- Matthew Roy ©️ Seven Days
- A sign in Burlington promoting noncitizen voting in several languages
In North Hero, residents apparently still peeved over a 2018 proposal to build a private airstrip opted to prohibit them altogether in a 232-123 vote. (Helipads too.) Not cleared for takeoff.
In South Burlington, F-35 activist Jimmy Leas came up short in his quest for a three-year city council term. Leas, who researches and writes about the noisy jets, had promised to “cancel the F-35.” Andrew Chalnick, who won a decisive victory over Leas, said he doesn't think the city can cancel the Vermont National Guard jets, but he has promised to advocate for those who are most affected.
Lincoln School District has officially cut ties with Mount Abraham Unified School District, thanks to votes across four towns — Bristol, Monkton, New Haven and Starksboro — that approved the financial details of Lincoln's withdrawal. The vote was closest in New Haven, where 151 residents voted yes and 135 voted no. Lincoln plans to run its own district rather than close its beloved local school.
“Just cause” eviction protections ran into mixed results around the state. In Winooski, where a landlord announced plans last spring to evict 24 low-income, mostly refugee families from a downtown apartment complex only to later reverse course, the tenant protection was approved by a nearly 3-1 margin. In Essex, the measure passed 570 to 383. But in Brattleboro, the ballot item was defeated 1,221 votes to 656.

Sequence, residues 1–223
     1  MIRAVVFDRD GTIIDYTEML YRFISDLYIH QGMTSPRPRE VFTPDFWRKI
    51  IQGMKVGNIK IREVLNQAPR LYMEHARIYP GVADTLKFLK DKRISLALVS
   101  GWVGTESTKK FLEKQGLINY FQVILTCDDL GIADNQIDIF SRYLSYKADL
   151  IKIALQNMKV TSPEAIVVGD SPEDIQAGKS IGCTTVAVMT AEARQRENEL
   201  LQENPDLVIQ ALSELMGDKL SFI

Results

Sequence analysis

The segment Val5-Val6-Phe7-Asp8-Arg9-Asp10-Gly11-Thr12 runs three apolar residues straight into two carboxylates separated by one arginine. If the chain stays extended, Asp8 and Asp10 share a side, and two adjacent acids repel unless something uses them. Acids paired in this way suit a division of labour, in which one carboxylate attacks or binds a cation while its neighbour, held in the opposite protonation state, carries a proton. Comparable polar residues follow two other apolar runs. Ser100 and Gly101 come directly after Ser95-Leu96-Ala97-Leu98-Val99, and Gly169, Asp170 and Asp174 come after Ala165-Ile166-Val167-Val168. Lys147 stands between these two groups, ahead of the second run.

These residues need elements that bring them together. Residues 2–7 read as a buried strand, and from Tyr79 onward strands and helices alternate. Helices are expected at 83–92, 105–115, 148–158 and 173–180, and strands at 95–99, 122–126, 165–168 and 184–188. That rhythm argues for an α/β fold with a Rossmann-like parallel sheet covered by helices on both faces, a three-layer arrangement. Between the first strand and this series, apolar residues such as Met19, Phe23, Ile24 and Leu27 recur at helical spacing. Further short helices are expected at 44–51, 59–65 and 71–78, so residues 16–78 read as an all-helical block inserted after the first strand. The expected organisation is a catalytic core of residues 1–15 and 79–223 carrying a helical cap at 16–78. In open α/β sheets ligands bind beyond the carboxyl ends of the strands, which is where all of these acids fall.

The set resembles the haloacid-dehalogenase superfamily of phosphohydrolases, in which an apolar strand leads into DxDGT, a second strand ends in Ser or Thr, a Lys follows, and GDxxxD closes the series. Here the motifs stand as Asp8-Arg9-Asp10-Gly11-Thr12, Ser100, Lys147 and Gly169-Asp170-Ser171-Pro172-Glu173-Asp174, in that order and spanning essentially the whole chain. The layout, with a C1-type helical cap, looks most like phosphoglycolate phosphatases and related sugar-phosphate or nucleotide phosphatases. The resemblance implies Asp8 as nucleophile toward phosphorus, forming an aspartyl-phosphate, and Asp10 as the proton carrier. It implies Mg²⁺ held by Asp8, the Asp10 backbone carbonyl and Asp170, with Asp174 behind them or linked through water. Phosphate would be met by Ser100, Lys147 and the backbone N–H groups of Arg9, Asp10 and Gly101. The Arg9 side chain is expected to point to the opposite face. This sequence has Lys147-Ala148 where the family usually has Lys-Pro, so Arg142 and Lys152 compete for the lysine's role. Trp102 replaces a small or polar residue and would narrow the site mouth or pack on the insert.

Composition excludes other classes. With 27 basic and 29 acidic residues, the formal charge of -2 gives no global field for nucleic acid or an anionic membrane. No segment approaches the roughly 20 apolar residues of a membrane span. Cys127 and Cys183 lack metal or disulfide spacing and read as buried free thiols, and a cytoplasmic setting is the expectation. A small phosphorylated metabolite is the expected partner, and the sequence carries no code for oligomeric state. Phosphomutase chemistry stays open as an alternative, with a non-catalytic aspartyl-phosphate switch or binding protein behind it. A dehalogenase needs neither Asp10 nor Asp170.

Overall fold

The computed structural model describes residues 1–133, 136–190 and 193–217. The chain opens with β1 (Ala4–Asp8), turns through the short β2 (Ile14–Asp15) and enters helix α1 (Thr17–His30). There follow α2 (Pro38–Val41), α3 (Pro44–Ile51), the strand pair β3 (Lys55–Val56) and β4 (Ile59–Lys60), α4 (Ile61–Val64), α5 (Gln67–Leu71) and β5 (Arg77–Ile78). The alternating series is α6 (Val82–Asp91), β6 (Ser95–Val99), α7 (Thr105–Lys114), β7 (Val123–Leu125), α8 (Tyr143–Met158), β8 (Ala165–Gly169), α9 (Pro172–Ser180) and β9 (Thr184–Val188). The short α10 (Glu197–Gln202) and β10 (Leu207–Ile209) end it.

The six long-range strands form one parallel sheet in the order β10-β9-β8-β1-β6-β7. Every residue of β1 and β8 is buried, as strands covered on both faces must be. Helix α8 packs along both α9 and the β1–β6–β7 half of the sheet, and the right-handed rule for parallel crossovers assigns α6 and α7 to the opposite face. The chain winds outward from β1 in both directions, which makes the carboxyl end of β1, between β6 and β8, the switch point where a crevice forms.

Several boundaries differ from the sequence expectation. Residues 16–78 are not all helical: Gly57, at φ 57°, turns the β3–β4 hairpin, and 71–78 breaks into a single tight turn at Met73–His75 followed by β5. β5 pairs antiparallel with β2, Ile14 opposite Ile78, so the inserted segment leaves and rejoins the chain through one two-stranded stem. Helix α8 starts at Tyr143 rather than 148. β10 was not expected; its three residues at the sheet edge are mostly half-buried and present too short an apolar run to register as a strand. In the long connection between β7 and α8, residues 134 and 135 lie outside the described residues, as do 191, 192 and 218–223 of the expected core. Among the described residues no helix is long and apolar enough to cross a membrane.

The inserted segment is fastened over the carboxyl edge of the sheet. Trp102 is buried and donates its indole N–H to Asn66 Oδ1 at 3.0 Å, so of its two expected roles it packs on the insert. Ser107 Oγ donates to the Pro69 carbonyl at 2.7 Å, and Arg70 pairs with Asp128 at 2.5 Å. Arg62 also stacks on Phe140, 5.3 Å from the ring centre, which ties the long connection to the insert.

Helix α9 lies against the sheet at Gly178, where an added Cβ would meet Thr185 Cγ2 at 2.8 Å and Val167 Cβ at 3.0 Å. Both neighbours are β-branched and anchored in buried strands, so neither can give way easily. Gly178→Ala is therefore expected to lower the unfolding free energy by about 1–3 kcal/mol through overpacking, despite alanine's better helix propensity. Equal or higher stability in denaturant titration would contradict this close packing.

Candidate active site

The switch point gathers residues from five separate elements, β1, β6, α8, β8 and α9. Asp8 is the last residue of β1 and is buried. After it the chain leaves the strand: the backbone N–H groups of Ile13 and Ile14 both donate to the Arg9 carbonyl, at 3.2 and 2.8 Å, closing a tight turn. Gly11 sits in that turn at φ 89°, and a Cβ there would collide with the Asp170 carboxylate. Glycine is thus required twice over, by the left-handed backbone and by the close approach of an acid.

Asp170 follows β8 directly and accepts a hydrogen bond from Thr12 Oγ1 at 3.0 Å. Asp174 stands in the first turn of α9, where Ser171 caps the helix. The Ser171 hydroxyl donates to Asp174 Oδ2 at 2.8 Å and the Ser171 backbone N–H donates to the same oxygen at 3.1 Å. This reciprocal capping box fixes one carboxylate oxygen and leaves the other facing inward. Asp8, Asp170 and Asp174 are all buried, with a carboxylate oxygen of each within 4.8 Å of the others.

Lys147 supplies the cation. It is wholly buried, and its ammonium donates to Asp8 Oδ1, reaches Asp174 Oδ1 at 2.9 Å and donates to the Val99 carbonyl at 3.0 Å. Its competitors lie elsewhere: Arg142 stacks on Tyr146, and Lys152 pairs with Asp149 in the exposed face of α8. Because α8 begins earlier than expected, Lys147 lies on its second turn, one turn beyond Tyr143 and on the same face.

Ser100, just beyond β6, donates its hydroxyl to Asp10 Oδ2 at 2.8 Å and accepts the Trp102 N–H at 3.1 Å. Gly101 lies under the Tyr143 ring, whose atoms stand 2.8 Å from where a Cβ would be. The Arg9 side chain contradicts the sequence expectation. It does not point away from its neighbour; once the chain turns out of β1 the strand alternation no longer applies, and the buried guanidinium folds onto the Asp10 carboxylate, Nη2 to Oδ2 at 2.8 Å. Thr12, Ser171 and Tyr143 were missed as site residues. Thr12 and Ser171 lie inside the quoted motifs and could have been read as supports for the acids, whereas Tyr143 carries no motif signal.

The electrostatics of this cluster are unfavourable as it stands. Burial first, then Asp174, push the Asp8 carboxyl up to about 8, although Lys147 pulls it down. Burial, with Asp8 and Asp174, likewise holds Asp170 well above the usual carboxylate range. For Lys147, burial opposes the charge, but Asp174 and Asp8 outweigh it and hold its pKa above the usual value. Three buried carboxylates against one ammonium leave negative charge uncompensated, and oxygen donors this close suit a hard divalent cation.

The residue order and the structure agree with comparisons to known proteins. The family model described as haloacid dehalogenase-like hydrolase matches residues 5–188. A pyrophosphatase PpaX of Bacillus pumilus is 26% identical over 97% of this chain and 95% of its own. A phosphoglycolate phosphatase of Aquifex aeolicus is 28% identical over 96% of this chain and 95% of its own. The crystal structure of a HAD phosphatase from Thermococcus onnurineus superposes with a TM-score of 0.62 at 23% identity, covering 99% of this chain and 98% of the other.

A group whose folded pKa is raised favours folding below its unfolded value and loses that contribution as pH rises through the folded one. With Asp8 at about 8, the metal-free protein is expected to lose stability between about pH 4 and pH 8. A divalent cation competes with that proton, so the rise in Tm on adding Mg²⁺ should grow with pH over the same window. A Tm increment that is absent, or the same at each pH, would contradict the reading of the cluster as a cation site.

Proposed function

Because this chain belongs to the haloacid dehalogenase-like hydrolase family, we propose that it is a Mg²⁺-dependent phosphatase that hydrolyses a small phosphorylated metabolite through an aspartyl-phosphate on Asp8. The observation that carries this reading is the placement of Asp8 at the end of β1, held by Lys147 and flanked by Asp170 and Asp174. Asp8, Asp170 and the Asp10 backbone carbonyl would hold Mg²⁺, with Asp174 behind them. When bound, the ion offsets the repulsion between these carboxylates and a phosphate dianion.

Newbury residents were loud and clear about their opposition to the state's plan to convert a former bed-and-breakfast in the town into a juvenile detention facility. A question on its ballot to tell the state that the facility is “not appropriate” for Newbury was approved by a margin of more than 9-1.
In Calais, residents will finally get their damn dam. Voters approved a $350,000 bond to help fund repairs of a failing dam at Curtis Pond. And the selectboard has agreed to provide an additional $100,000 in federal funds. That means "dockstock," the floating pontoon boat concert, is still on.
Lastly, we'd be remiss not to note that history was made in Winooski. Voters elected an entirely LGBTQ+ slate of city councilors, becoming only the second city in the country to do so.
Voters reelected incumbent councilor Bryn Oakleaf, who identifies as queer, with 649 votes. They also elected Charles Judge, who is transgender and was seeking an open council seat, with 578 votes.
Oakleaf and Judge join Thomas Renner, who is gay, and Aurora Hurd, who is bisexual, nonbinary and transgender, as Winooski's city councilors.